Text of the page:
Copyright | Copyright (C) 2023 Yoo Chung |
---|---|

License | GPL-3.0-or-later |

Maintainer | dev@chungyc.org |

Safe Haskell | Safe-Inferred |

Language | GHC2021 |

Part of Ninety-Nine Haskell Problems. Some solutions are in Solutions.P91.

# Documentation

knightsTour :: Int -> (Int, Int) -> Maybe [(Int, Int)] Source #

Another famous problem is this one: How can a knight jump on an \(N \times N\) chessboard in such a way that it visits every square exactly once?

Write a function which returns a knight's tour ending at a particular square. Represent the squares by their coordinates with the tuple \((x,y)\), where \(1 \leq x \leq N\) and \(1 \leq y \leq N\). A tour will be a list of these tuples of length \(N \times N\).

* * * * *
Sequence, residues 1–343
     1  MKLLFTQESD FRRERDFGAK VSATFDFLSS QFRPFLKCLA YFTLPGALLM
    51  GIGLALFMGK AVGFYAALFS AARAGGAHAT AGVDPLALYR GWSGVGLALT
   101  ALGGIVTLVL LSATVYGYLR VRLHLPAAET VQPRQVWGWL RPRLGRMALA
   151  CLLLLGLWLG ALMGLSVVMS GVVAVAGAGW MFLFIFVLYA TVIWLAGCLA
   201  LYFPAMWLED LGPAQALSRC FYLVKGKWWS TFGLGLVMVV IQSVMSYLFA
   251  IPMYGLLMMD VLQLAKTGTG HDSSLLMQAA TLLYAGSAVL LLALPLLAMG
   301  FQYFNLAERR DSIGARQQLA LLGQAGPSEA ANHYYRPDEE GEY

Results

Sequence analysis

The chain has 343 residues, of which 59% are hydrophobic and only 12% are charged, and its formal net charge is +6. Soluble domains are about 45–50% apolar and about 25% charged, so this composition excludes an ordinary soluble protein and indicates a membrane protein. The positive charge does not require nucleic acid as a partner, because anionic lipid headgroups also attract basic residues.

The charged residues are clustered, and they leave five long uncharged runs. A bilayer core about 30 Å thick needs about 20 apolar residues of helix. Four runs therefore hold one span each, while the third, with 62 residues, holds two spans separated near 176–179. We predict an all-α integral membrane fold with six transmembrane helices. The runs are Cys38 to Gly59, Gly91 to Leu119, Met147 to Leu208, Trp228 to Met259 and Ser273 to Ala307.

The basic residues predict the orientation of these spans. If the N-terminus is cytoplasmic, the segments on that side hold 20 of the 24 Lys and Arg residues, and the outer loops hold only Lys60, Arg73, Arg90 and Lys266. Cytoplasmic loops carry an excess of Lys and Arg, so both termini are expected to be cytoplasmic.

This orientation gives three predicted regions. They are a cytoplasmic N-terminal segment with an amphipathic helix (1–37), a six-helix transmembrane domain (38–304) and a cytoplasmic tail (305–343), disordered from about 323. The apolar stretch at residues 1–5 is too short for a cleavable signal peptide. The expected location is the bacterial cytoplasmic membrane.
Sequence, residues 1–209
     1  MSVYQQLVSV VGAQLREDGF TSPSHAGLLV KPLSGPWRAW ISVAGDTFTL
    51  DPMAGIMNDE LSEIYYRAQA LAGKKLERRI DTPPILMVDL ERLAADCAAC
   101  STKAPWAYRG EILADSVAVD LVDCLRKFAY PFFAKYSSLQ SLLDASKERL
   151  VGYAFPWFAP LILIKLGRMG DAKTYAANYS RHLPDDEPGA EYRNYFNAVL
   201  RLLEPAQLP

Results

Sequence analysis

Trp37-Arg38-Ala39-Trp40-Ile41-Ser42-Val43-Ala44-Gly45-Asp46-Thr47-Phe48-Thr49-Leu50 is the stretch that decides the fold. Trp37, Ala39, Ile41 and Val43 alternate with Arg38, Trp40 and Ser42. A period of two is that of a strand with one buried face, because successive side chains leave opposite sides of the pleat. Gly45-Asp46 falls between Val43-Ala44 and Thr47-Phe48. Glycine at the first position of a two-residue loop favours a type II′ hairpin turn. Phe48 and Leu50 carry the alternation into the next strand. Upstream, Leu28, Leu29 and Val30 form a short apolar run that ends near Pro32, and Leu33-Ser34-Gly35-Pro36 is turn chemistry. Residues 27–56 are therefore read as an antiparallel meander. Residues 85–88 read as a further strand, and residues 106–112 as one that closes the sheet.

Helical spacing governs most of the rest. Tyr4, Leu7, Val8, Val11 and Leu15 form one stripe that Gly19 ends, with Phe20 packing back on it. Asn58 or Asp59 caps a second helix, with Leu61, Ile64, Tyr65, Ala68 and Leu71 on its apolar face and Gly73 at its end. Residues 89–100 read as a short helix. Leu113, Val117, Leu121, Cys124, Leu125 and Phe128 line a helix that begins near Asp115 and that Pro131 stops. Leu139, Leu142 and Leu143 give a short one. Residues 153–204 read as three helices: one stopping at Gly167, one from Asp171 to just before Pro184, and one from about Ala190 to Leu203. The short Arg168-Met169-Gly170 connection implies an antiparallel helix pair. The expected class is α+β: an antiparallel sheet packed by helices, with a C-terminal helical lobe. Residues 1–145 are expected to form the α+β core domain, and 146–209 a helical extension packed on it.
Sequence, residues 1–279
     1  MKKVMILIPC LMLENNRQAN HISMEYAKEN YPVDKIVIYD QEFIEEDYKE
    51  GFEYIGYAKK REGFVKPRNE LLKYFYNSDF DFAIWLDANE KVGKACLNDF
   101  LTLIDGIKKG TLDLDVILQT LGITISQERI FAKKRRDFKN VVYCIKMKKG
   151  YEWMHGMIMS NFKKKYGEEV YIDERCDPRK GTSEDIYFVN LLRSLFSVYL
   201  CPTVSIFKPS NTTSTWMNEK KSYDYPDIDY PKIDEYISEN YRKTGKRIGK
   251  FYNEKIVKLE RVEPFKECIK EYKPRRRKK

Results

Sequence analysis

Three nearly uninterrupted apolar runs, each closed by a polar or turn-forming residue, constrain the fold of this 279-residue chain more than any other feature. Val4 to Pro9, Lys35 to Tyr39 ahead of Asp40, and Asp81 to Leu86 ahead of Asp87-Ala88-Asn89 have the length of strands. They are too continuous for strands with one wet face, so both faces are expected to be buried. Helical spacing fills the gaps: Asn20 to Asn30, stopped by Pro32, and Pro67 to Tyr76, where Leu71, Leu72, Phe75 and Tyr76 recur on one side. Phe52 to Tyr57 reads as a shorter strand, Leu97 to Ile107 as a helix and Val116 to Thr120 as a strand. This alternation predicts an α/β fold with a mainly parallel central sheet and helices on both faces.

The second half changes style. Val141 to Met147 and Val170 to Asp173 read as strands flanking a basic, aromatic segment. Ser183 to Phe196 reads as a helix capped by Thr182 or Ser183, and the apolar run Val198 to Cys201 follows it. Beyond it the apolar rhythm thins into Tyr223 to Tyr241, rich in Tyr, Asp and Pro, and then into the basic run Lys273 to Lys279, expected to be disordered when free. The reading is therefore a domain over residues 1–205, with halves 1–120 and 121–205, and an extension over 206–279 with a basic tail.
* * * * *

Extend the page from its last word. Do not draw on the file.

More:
### Examples

`>>>`

24 7 32 17 22 5 33 16 23 6 31 18 8 25 10 19 4 21 15 34 1 28 11 30 26 9 36 13 20 3 35 14 27 2 29 12`printKnightsTour $ knightsTour 6 (3,5)`

### Hint

A straightforward backtracking algorithm can be very slow even for moderately sized boards such as \(8 \times 8\). Consider using Warnsdorff's rule. Alternatively, consider using a divide-and conquer algorithm which finds knight's tours for smaller boards and patching them together.

closedKnightsTour :: Int -> Maybe [(Int, Int)] Source #

The same as `knightsTour`

, except return a circular tour.
I.e., the knight must be able to jump from the last position in the tour to the first position in the tour.
Start the tour from \((1,1)\).

### Examples

`>>>`

1 14 31 20 3 8 32 21 2 7 30 19 13 36 15 4 9 6 22 33 24 27 18 29 25 12 35 16 5 10 34 23 26 11 28 17`printKnightsTour $ closedKnightsTour 6`